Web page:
learner-centered instruction

I’ve been following Academic Impressions, and today’s post was about building student-centered learning models:

Courses with No Syllabi: A Unique Instructional Model at LDS Business College

– An interview with Bruce Kusch

 

Kusch pioneered the i4 model of design, instruction that is:

  • Immersive,
  • Integrated,
  • Interactive, and
  • Iterative.

 

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applying my lcp – sharing key findings

I met with one of my mentors yesterday and she asked if I could pull together some of my observations on workplace info lit, so here it is:

  • Annemarie Lloyd is a lead researcher in workplace information literacy. She indicates employers are reporting that students leave formal education lacking “critical information literacies that enable them to think creatively, to find solutions to real-world problems” (Lloyd 2013, p. 221).
  • According to 2015 research conducted by Workopolis, Canada’s largest career site for job seekers, employers report that soft-skills deficits outweigh those of technical skills in candidates they interview: https://hiring.workopolis.com/article/viii-skills/
  • Based on my conversations with my LCP mentors, NSCC addresses workplace essential skills in an ad-hoc manner. Some solutions include:
    • There is a Writing Centre pilot for Metro campuses.
    • Some 21st century skills addressed by Communications Faculty.
    • At some campuses, LCAs offer courses and training in soft skills, such as interview and resume help, organizational skills, note-taking and effective communication.
    • Library services offers some support, such as finding and evaluating information, help with digital skills and learning about some information resources in industry.
    • Some program-specific faculty address soft skills that will be needed in their particular work environment.
    • NSCC provides some information for students in trades programs about the essential skills they will need, eg: https://www.nscc.ca/docs/admissions/nscc_tradestechnology_preparationchecklist.pdf
  • Some colleges take a coordinated approach: Douglas College offers specific programming in in the area of workplace essential skills: https://www.douglascollege.ca/programs-courses/training-group/essential-skills/programs It also offers a Essential Skills practitioner training: https://www.douglascollege.ca/programs-courses/training-group/essential-skills/practitioner-training-certificate

 

 

 

 

Lloyd, A. (2013). Building information resilient workers: The critical ground of workplace information literacy. What have we learnt? In S. Kurbanog˘lu, E. Grassian, D. Mizrachi, R. Catts, & S. Špiranec (Eds.), Worldwide commonalities and challenges in information literacy research and practice (Vol. 397, pp. 219–228). Cham, Switzerland: Springer International Publishing. doi: 10.1007/978-3-319-03919-0_28

Workopolis Hiring. (2018). Thinkopolis: Top Job Skills in Canada in 2015 | Workopolis. [online] Available at: https://hiring.workopolis.com/article/viii-skills/ [Accessed 26 Apr. 2018].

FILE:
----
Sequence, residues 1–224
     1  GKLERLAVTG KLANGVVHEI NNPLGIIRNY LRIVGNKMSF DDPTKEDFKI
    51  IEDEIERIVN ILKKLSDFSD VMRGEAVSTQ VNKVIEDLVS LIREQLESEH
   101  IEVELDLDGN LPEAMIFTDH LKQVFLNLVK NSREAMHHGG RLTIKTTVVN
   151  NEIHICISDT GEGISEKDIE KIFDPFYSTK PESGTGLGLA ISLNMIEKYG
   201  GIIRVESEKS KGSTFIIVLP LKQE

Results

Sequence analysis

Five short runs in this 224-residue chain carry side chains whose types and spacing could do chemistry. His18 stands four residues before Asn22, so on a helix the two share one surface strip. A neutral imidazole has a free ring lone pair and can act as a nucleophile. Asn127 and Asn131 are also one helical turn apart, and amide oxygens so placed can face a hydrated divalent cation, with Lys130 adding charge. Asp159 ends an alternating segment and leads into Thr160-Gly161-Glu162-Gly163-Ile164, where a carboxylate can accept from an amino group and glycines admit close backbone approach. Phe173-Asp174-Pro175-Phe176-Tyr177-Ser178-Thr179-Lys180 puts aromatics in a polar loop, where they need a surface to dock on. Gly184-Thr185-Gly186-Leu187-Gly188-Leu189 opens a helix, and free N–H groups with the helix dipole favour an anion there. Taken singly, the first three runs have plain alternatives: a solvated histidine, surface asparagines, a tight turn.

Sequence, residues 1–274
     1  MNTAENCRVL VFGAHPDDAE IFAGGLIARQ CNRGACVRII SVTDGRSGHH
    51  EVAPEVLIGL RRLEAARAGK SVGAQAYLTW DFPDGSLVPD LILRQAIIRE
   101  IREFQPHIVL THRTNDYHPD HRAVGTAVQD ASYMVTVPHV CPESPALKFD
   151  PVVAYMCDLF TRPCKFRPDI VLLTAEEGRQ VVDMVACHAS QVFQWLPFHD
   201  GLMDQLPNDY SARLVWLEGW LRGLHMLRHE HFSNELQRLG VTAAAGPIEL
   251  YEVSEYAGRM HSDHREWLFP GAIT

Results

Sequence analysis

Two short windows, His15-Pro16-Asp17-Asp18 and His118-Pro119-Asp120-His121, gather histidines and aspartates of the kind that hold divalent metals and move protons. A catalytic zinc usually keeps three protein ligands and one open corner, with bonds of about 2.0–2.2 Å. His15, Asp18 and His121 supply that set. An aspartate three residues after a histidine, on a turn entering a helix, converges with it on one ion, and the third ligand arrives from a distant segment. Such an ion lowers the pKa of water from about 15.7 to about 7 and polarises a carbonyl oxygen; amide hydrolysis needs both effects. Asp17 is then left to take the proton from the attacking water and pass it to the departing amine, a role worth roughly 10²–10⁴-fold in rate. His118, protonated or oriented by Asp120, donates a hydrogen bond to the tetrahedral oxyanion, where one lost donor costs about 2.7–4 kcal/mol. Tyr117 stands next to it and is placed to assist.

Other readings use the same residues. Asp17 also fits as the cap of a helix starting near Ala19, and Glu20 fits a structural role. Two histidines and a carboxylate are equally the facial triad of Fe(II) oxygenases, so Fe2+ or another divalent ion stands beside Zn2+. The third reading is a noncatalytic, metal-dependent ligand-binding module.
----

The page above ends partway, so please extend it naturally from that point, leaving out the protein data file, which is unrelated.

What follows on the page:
applying my lcp to 21st century library collections: the rubber hits the road!

I am looking at developing collection evaluation practices that could help NSCC Libraries redefine how we select and promote resources to support workplace literacy. I hope to work with some of the campus librarians over the summer to flesh out these plans.

Here are some things I’m considering:

Background:

In a 2012 Issue Brief, the Association of Research Libraries indicated that the 21st century requires a significant shift in thinking about library collection development “from thinking of collections as products to understanding collections as components of the academy’s knowledge resources”. We are called to “transition from institution-centric collections to a user-centric networked world” (p. 1).

In order to develop collections for 21st century libraries, we could examine our current collections development and evaluation practices so we can determine what is effective and what needs more support.

Johnson (2016) describes collection evaluation as a process which involves both collection analysis and collection assessment.

Collection analysis takes a snapshot of the library collection at a point in time, including circulation, number of titles in a subject area and funds spent in a subject area. This is sometimes referred to as collection profiling (Johnson, 2014).

Collection assessment is the ongoing process of developing a library collection by determining how well particular subjects are supported, how it compares to other similar libraries and the extent to which the materials purchase are what users actually want.

Goal:

To examine the current collection evaluation processes undertaken by Campus Librarians at NSCC and determine if there are other resources we could use to develop to help them create collection development plans.

 

 

References

Association of Research Libraries. (2012, March 10). 21st century collections: Calibration of investment and collaborative action. Retrieved from: http://www.arl.org/storage/documents/publications/issue-brief-21st-century-collections-2012.pdf

Johnson, Q. (2016). Moving from Analysis to Assessment: Strategic Assessment of Library Collections. Journal of Library Administration,56(4), 488-498. doi:10.1080/01930826.2016.1157425

 

 

applying my lcp learning to a “people in practice” model

Today I met with one of our campus librarians to discuss developing a “collection profiling” plan to support “people in practice”. I have offered to work with her to focus on an area of her collection to examine. I have offered to send her a shelf-list and circulation report, so she can begin to examine her collection to determine if it is effective in reflecting workplace information.

_______________________________________________________________________